As part of the Wean-to-Harvest Biosecurity Program, SHIC established two task forces to develop specific, researchable priorities for the topic areas of transport biosecurity and site bioexclusion and biocontainment. With members from across the pork industry and academia, the Wean-to-Harvest Biosecurity Site Task Force and Wean-to-Harvest Biosecurity Transport Task Force have each met virtually to discuss priorities and ensure coordination across the pork industry, so there is no overlap in investigations and research providing the greatest return on investment. The priorities and call for proposals’ instructions will be posted to the SHIC website’s Wean-to-Harvest Biosecurity Program page as soon as they are completed. SHIC will facilitate proposal review and contract processes.
SHIC acknowledges the work will not be simple and could take some time to complete. Requests for proposals for related research will be issued as soon as possible so projects can start expediently. Due to anticipated seasonal effects and differences in costs and abilities to implement biosecurity, some projects will probably have to cross seasons, taking at least a year. However, SHIC says significant preliminary results will be shared immediately on the SHIC website’s Wean-to-Harvest Biosecurity Program page as well as via other communications.
FFAR builds public-private partnerships to fund bold research addressing big food and agriculture challenges. FFAR was established in the 2014 Farm Bill to increase public agriculture research investments, fill knowledge gaps and complement USDA’s research agenda. FFAR’s model matches federal funding from Congress with private funding, delivering a powerful return on taxpayer investment. Through collaboration and partnerships, FFAR advances actionable science benefiting farmers, consumers and the environment.
Click to hear Drs. Paul Sundberg and Megan Niederwerder discuss the Wean-to-Harvest Biosecurity Program on SHIC Talk.
In an article published on a Vietnamese agriculture news website during September 2022, positive ASF vaccination results and encouragement for stricter control were shared. Following a vaccination trial performed by the Vietnam Department of Animal Health on two farms with 258 pigs, officials said 20 localities have now deployed vaccinations with a total of more than 21,000 doses following all appropriate guidelines.
A visit to a family farm in Vinh Phuc province by the Deputy Minister of Agriculture and Rural Development and other representatives in early September gave the officials the opportunity for a vaccine trial and observation. On one of the farms where the ASF vaccine was deployed in two rounds, several pigs were noted to have mild fevers but all were stable at the time of the farm visit.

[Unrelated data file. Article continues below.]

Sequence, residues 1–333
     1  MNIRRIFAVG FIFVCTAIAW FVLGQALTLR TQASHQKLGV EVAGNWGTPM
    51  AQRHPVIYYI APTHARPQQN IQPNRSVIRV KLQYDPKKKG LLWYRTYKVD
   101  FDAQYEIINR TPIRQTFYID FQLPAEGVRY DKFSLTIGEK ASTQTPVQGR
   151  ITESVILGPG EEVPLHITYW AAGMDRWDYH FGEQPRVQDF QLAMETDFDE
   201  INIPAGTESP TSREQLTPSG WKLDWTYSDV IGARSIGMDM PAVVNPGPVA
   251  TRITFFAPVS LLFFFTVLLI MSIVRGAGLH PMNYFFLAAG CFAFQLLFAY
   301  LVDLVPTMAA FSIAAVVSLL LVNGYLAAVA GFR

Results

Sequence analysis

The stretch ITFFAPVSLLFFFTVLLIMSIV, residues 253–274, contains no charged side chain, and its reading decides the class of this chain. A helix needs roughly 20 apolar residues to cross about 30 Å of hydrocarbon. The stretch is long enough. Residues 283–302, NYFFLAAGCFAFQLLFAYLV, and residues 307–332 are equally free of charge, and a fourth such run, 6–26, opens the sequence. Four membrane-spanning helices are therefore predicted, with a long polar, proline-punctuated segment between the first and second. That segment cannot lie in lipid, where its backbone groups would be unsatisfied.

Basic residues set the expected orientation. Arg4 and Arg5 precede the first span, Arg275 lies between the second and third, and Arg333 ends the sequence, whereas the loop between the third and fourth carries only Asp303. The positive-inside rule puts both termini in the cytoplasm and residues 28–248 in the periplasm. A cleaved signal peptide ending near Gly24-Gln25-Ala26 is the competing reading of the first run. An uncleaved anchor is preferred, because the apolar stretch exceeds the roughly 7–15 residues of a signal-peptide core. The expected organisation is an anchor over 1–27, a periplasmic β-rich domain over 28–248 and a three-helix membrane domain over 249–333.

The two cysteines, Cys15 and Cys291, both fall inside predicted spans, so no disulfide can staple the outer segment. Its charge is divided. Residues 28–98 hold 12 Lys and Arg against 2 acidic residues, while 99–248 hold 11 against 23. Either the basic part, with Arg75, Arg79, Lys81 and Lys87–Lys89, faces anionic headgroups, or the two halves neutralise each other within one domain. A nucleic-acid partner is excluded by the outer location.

Responding to deaths of pigs receiving an ASF vaccine in Binh Dinh, Phu Yen and Quang Ngai provinces, officials determined it was caused by uncontrolled vaccination processes out of compliance with Ministry guidelines, at incorrect ages and dosages. It was said deaths of post-vaccination pigs could be attributed to the supply and sale of vaccines directly to veterinarians and farmers for self-vaccination.
As a result of their positive findings in Vinh Phuc province, Ministry officials intend to expand ASF vaccinations soon. Their plans are to deploy up to 600,000 doses. Stricter control of the vaccination process, in accordance with the guidelines of the Ministry, Department of Animal Health instructions, and with the correct vaccination targets will guide the process. Supervision to evaluate effectiveness of the vaccine will continue.
An ongoing collaboration between SHIC and the Center for the Ecology of Infectious Diseases at the University of Georgia examines spillover risk of bacteria from North American wild mammal species into the US swine herd. This collaboration will result in enhanced information needed to prevent, prepare, and respond to emerging diseases and their potential impact on swine health, welfare, and market.
The first phase of the project identified 102 bacteria species hosted by 127 North American wild mammal species that have a ≥ 97.1% chance of associating with domestic pigs. These bacteria species were assigned a propensity score based on their predicted ability of spilling over from their wild mammal hosts into domestic swine. A classification of either “novel” or “known” was also assigned based on whether or not these species had a known association with pigs documented in scientific literature.
A survey of subject matter experts was the second phase of the project. The goal of the survey was to rank the 102 bacteria species to assess their potential impact on the swine industry via potential effects on public health, antimicrobial resistance, and swine welfare, production, morbidity, and mortality. A limited number of industry professionals completed the survey and identified 16 bacteria species as being of high impact to the swine industry, four of which are not yet known to infect domestic swine: Anaplasma bovis (98.7% modeled chance of spilling over into swine), Clostridium botulinum (98.7%), Klebsiella pneumoniae (98.6%), and Yersinia pestis (99.7%). Additionally, seven bacteria were ranked as having a high-risk of antimicrobial resistance and five bacteria were ranked as having a high human outbreak potential. Results of the analysis uncovered two novel bacteria that are found in pigs, which helps validate the predictive model.